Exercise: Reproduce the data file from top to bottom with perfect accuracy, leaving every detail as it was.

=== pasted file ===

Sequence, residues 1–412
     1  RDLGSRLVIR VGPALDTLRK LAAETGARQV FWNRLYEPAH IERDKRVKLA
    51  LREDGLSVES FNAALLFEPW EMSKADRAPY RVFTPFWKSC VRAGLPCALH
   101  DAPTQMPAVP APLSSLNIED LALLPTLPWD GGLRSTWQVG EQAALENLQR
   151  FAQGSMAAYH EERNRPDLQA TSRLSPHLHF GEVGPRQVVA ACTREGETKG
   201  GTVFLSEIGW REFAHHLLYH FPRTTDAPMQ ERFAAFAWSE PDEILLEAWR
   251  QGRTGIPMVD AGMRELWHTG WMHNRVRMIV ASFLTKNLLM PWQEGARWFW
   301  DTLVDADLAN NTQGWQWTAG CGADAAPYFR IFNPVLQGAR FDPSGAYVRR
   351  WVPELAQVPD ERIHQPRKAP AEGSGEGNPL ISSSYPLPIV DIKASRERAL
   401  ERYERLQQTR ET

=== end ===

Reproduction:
Sequence, residues 1–412
     1  RDLGSRLVIR VGPALDTLRK LAAETGARQV FWNRLYEPAH IERDKRVKLA
    51  LREDGLSVES FNAALLFEPW EMSKADRAPY RVFTPFWKSC VRAGLPCALH
   101  DAPTQMPAVP APLSSLNIED LALLPTLPWD GGLRSTWQVG EQAALENLQR
   151  FAQGSMAAYH EERNRPDLQA TSRLSPHLHF GEVGPRQVVA ACTREGETKG
   201  GTVFLSEIGW REFAHHLLYH FPRTTDAPMQ ERFAAFAWSE PDEILLEAWR
   251  QGRTGIPMVD AGMRELWHTG WMHNRVRMIV ASFLTKNLLM PWQEGARWFW
   301  DTLVDADLAN NTQGWQWTAG CGADAAPYFR IFNPVLQGAR FDPSGAYVRR
   351  WVPELAQVPD ERIHQPRKAP AEGSGEGNPL ISSSYPLPIV DIKASRERAL
   401  ERYERLQQTR ET